Hugs are the cement of friendship and also a strong statement of support when dealing with someone in grief. A picture is said to be worth a thousand words. I think a hug is worth more, especially when you don’t have the words to say. People think they must share some comfort and are distressed when they can’t find the words to say. For someone in grief often no words are needed, except to say ‘i’m sorry, I care, I’m here.’ And being there includes a hug if the griever is comfortable with it. Nothing says I care more than a hug.

There are a lot of people who survived the pandemic but who had loved ones who didn’t. They will need those hugs. And don’t forget the lonely ones who had a hard time being isolated. Let’s be on the lookout for hugs needed.

Promote and Applaud Safe Spaces

Do you feel safe? Do you feel you can be yourself without fear of being judged for your appearance, your voice, all that makes up being you? There are many who do not. For many of us, we don’t have to fear being profiled. I am a male, straight WASP and in today’s society, I will never be profiled —- looked at as being out of the norm and suspicious or a danger to anyone. There will not be any laws that will attempt to restrict my freedoms. White, Anglo- Saxon Protestant, for those unfamiliar with the term. My ancestry dates back to the Mayflower, though no credit or special recognition is due me, since I had nothing to do with it.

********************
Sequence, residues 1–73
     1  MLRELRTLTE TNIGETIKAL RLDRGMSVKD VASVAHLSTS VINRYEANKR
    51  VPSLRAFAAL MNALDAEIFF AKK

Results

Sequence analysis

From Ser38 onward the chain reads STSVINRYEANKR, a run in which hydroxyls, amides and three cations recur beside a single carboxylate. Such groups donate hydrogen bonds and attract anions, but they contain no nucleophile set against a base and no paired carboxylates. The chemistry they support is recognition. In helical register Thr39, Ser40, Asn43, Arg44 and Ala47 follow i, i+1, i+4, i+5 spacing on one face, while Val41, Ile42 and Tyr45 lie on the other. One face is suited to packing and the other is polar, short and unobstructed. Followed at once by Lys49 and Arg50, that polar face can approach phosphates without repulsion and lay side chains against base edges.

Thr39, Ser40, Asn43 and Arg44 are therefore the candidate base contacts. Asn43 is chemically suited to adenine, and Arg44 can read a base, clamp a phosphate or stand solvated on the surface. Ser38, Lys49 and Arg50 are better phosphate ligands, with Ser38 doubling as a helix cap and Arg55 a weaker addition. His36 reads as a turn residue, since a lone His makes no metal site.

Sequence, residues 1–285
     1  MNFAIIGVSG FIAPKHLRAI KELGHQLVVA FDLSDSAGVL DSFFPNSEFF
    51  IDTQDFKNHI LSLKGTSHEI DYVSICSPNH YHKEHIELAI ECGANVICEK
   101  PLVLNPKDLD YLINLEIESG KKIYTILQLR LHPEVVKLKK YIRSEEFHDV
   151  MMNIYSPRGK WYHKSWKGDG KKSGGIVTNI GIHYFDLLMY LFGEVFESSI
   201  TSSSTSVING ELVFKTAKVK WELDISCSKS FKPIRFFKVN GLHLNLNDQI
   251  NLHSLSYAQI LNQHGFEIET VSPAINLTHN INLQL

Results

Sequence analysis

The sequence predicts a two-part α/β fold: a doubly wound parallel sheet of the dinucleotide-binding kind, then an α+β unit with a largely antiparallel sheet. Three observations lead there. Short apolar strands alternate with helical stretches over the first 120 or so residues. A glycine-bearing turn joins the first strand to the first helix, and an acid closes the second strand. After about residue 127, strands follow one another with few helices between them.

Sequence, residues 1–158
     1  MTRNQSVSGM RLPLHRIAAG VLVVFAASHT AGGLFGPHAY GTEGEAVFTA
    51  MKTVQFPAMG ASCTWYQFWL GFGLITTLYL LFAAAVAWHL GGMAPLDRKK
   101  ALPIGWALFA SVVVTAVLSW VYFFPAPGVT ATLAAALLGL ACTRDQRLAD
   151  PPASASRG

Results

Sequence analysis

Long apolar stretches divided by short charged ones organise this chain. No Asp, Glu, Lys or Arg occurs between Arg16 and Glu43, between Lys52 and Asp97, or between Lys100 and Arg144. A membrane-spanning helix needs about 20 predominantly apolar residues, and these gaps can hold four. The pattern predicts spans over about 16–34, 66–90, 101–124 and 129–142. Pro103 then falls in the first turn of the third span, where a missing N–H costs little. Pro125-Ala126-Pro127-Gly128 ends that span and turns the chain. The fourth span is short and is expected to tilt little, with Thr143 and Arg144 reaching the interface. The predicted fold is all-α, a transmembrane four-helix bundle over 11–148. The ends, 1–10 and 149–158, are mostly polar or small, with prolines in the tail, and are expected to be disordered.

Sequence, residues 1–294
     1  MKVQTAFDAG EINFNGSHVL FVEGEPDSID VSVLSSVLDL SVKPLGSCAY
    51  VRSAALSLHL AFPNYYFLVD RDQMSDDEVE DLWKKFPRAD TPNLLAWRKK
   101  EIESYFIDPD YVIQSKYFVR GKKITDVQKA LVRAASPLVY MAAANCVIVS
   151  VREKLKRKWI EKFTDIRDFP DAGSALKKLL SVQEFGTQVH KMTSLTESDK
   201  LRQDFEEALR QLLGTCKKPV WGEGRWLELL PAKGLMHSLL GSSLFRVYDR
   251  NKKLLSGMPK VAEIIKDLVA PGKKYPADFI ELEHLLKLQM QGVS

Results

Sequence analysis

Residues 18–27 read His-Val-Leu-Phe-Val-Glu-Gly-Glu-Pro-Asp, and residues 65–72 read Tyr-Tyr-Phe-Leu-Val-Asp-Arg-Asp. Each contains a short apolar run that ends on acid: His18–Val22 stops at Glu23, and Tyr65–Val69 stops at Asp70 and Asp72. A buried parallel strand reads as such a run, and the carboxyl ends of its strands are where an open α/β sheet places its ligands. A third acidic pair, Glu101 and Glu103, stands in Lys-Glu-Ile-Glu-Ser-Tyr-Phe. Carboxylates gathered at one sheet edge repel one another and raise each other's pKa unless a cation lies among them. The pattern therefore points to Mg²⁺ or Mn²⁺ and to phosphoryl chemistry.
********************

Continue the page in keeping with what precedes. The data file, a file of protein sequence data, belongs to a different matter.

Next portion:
But there are many, including members of my own family who do not have the same privileges and safety. Just on voting rights alone if the criteria at the time of the adoption of the Constitution were applied, none of the 30+ members of my family would be eligible for one reason or another.

I know plenty of friends and family members who don’t enjoy the same safety in society, due to differences that others would judge them for. Be it race, gender identity, ethnic background, etc, they are judged less than or seen as suspicious. I am incensed that this happens because to me they are family. And I am incensed that this discrimination is rampant in society because it is wrong. I am committed to personally being a safe space builder because everyone is entitled to equal treatment—not just under the law, but under common decency and common humanity.

And I want to highlight and applaud those even in the corporate world who recognize and support the building of safe spaces. We should all promote and applaud safe spaces. There is no place for discrimination and hatred in this world.